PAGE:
A Glimpse into Ramadan in Jerusalem

I love the personality of the Old City so much that I always stay in this historic area when I travel to Jerusalem. Its pull is powerful, as inside its ancient walls stand three sites of extreme importance to the three major Western religions: the Church of the Holy Sepulchre for Christians, the Western Wall for Jews and the Temple Mount for Muslims. The Old City is also part of East Jerusalem and populated primarily by Palestinian Arabs, giving it a completely different atmosphere than what lies outside its gates in the Jewish-populated West Jerusalem.

It is within the Old City that I write this, on the last day of Ramadan, the month-long period during which Muslims across the world fast during daylight hours, eating only when darkness falls, to cleanse their bodies and souls. I didn’t travel to Jerusalem to experience Ramadan, but when you’re in the Old City there is no avoiding it.

The Old City is normally crowded with its local population and tourists, but I have never seen its streets clogged like I have on Ramadan. I managed to arrive on Friday afternoon just as thousands and thousands of Muslims were making their way to the Temple Mount for prayer, lengthening the walk from Damascus Gate to my guesthouse from 10 to approximately 45 minutes.

Crowds inside Damascus Gate, Jerusalem

Inside Damascus Gate on Ramadan

The reason for the throng of thousands is the Al Aqsa Mosque, which Muslims consider to be the third most important holy sight in the world. This mosque stands on top of the Temple Mount, a huge complex 35 acres in size and covering one-sixth of the Old City. Also on the Mount stands the Dome of the Rock, its famous gold dome one of the signature sights of Jerusalem. Muslims typically worship not inside here, as many people think, but inside the plain exterior of the mosque. During Ramadan, though, so many people come to worship that I think they must be spilling out of the mosque and onto the remainder of the Temple Mount.

Exterior of Al Aqsa Mosque on the Temple Mount in Jerusalem, Israel

Al Aqsa Mosque

Except for a few hours a day, non-Muslims are not allowed on the Temple Mount. On Ramadan, I’ve discovered, non-Muslims are not even allowed on the streets leading to the Temple Mount. These streets are unmarked, and I have on many occasions in the past couple of days unwittingly started down several of them, only to be very politely turned back by Muslims, Israeli soldiers or Israeli police. Not only these streets but others in the Old City are decorated for Ramadan with colorful lights strung overhead.

Colorful lights strung above an Old City, Jerusalem street

Ramadan decorations

I’ve spent weeks of my life inside the Old City previously, with the neverending calls of its shopkeepers ringing through the crowded streets, Madam, come into my shop? Perhaps because these shopkeepers are fasting during the day now, though, I find them unusually quiet – in fact, nearly silent – as tourists flow past them. Their chorus of voices is such a mainstay of Old City life that their absence is quite disconcerting.

The souk in the Muslim quarter of Jerusalem's Old City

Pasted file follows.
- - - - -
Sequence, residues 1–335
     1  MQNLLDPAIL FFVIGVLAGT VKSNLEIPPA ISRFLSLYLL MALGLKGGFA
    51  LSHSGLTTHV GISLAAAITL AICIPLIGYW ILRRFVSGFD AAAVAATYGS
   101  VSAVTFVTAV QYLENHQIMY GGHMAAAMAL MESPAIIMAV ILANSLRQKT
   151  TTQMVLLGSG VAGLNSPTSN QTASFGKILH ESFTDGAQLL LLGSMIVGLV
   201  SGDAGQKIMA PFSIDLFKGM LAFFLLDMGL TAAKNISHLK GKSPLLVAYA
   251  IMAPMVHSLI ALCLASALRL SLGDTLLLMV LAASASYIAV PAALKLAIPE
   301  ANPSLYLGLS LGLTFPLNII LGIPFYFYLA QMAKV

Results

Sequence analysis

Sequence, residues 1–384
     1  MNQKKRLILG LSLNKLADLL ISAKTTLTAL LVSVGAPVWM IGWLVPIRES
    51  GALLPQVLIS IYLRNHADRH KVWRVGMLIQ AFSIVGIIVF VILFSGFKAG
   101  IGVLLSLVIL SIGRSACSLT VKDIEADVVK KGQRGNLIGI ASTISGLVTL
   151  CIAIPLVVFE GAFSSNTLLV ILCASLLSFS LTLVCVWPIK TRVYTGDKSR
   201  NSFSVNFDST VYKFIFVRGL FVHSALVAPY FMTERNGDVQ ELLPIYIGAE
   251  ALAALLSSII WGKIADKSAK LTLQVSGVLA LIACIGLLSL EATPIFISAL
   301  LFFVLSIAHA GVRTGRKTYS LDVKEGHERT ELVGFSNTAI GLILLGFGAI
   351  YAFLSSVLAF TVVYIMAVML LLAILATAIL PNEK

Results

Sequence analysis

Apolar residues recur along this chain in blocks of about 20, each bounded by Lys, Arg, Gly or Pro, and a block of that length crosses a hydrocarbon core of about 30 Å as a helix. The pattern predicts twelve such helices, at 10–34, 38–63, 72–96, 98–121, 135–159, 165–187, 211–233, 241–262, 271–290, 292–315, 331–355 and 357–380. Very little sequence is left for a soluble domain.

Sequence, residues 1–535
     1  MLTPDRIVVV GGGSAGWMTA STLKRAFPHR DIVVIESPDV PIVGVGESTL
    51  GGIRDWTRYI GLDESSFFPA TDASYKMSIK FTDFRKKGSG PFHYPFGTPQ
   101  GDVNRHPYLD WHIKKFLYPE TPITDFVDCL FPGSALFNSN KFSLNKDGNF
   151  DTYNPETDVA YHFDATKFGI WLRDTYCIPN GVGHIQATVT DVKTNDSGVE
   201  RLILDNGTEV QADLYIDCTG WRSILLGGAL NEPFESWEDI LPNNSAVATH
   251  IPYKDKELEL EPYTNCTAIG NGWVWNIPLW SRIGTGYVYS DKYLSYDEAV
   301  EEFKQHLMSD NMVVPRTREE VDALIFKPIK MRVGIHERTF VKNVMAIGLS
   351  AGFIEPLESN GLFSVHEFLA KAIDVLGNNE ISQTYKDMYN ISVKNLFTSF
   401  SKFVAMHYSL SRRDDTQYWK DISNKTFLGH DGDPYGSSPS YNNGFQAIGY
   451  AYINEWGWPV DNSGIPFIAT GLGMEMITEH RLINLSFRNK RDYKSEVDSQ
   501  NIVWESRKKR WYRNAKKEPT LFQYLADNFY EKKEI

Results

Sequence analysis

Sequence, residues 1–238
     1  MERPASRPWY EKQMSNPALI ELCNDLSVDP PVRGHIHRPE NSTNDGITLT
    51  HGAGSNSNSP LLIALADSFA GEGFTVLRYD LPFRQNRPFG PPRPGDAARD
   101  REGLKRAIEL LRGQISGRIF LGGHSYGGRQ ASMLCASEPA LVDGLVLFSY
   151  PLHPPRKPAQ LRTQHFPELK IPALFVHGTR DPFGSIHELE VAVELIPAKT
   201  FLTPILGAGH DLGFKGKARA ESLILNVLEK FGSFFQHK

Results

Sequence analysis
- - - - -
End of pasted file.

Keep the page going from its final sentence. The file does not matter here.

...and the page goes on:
The Old City souq

Muslims break their fast each day at dusk, and in Jerusalem beginning an hour or so beforehand people begin preparing food on the streets of the Old City for fasting people who can now eat and for anyone else who happens by.

Group of guys cook food to break the fast in Jerusalem

Breaking the Fast

Also seen on the streets of the Old City after darkness falls during Ramadan are piles of sweets to help celebrate the now festive air.

Guys carrying wooden pallet full of candy on Ramadan in Jerusalem

Ramadan sweets

Daytime and nighttime differ greatly in Jerusalem’s Old City during Ramadan, as the atmosphere moves gracefully from unusually quiet to bold and festive. If ever you want to experience Ramadan in the Middle East, Jerusalem’s Old City will give you a taste unlike any other.

Damascus Gate in Jerusalem, Israel on Ramadan

Breaking the fast outside the Old City's Damascus Gate

10 Comments Post a Comment
  1. Andrea says:

    I really enjoyed reading this and learning more about Ramadan – great photos!

  2. Sabina says:

    Thank you, Andrea. I enjoyed learning more about Ramadan too.

  3. Steve says:

    Great photos. I really get a feel for what it’s like there during Ramadan. Experiencing Jerusalem during Ramadan would be an interesting experience. I hope you got to try out some of those sweets.

  4. Sabina says:

    Thanks, Steve. I didn’t try those sweets, but I did have plenty of others :)

  5. Candice says:

    I am such a freaking dummy. I’ve been seeing your top few posts on your homepage thinking, “Gee, she hasn’t updated in ages!” Not realizing your new posts were underneath. Dammit! This post is great!

  6. Sabina says:

    Candice, you’re no dummy. I think that might be the case with other people too, particularly if the site loads slowly. I’m glad you liked this post!

  7. RyukyuMike says:

    Especially like the way you captured the smoke in Breaking ths Fast !

  8. Sabina says:

    Thank, Mike. I didn’t even try.

  9. What about food in hotels during Ramadan? I have heard that in UAE they dont serve food in hotels. Is it the same way here as well.

  10. Gearoid says:

    Thank you for your article which captures the moment perfectly. I found myself in Jerusalem, staying on Via Dolorosa, three years ago at the end of Ramadan and my abiding memory is of those who walked the streets before dawn beating drums to wake the local Muslims and remind them that this was their last chance to eat or drink before the first call to prayer. Of couse it disturbed my sleep but nevertheless it was both magical and primal in its sheer energy!

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